He gives me some valuable information and in particular the place where I can change money in Ashgabat: the Russian market.
Day 4 – November 30, 2018
The next day when I get up he’s already gone. The day is gloomy and cold. Utopia for the second time does not want to start: the battery is dead. I take it apart and bring it in to warm it up. Two hours later, I can start Utopia without any problem but I give up leaving that day. In the evening, I am the only tourist to admire the fabulous spectacle of the crater.
Day 5 – Saturday, December 1, 2018
My 5-day visa ends today… but a priori, I have 10 days…. well… I think… maybe.
I leave early in the morning under a beautiful freezing sun. The road is fine and I’m going at 120 km/h. Alas the weather gets cloudy a few kilometers before arriving in Ashgabat and it is under the rain that I arrive there.
I hesitate: Either I play it safe and cross the border, about thirty kilometres away, immediately….. Either I take my chance…dilemma…but, but…still…it’s a shame not to see this city under the sun and I know that on Monday it should be sunny. In addition, there is this hotel, the Sofitel, which a friend told me about a long time ago…. I’m curious to see him. Finally, there is the famous Turkmen horse, the Akhal-Teke, with its golden robe, the steppe greyhound… a shame to pass without trying to see some of them in person…
I decide to go to the Sofitel, now renamed Oguzkent Hotel and I take a room there. Very expensive for my budget as a long-distance traveller but once in a while, why not indulge yourself. In fact, as I will learn later, the technique is to change dollars on the black market and pay in manat. On condition that they accept what is not won in advance but by being convincing it seems that it is possible. But I won’t learn about this until the next day… too late…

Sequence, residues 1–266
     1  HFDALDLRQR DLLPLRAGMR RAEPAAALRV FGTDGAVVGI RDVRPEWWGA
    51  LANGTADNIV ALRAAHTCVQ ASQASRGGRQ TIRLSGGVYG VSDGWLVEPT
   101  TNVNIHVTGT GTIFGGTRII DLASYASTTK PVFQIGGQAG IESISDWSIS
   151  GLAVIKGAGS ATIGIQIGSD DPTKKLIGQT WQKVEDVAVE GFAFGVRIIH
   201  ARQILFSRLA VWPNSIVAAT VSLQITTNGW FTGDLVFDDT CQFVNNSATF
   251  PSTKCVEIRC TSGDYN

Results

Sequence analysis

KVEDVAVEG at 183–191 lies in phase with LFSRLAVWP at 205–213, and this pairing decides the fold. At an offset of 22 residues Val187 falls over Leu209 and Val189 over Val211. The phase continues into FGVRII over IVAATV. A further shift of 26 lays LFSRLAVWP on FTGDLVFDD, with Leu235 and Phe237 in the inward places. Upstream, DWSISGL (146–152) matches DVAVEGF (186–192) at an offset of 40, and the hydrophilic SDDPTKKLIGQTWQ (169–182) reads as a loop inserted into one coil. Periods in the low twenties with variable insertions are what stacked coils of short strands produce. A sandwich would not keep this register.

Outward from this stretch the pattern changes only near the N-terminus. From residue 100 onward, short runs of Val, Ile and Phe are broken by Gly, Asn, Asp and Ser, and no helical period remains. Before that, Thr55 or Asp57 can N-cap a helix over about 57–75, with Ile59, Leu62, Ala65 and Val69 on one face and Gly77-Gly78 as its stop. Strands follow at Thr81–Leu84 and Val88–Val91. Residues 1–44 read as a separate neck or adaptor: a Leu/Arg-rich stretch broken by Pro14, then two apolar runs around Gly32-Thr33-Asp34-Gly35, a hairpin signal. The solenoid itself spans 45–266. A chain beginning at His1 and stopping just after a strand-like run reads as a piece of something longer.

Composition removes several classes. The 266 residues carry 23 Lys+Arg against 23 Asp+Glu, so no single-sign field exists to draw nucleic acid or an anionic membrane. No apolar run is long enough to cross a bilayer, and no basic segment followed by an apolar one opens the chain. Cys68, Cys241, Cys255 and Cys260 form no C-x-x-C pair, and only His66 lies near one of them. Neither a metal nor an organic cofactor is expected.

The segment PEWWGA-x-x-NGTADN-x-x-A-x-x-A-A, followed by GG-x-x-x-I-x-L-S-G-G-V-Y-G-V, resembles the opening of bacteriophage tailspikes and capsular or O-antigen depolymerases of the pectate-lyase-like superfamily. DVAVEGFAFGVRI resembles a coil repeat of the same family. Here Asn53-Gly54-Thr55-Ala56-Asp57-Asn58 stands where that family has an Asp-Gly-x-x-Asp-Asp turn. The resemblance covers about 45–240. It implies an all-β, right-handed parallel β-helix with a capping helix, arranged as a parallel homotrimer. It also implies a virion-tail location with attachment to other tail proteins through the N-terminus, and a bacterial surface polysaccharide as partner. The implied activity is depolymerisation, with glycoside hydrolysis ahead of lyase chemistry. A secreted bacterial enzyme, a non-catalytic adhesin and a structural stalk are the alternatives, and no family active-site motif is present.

The hotel is in line with the description I was given: incredibly luxurious. All in marble, 15 floors, 14 presidential suites of 300 m2 each, all original and unique, two high-end restaurants: the first on the ground floor offers dishes of traditional local cuisine and the second of high French cuisine on the 15th floor. A spa, a swimming pool and a sports hall complete the package. But the most incredible thing about all this is that the hotel seems completely empty to me. Except for the staff, who are overwhelmed, I don’t see anyone.
Day 6 – Sunday, December 2, 2018.
At breakfast, I am relieved to see that I am not the only customer. Not that there is a crowd and, clearly, it seems that less than 10% of the rooms are not occupied, but at least I am not the only one. And it is also French people, working for Bouygues, who have negotiated construction contracts worth several billion dollars with the Turkmen government. It was Bouygues, among others, who built the hotel in which I am staying and several of its employees are staying there when they arrive, waiting to have a place in their base. I will spend this day discussing and going from one surprise to another…
To be continued…..
“Ashgabat, the capital of white marble”…
The crater of hell.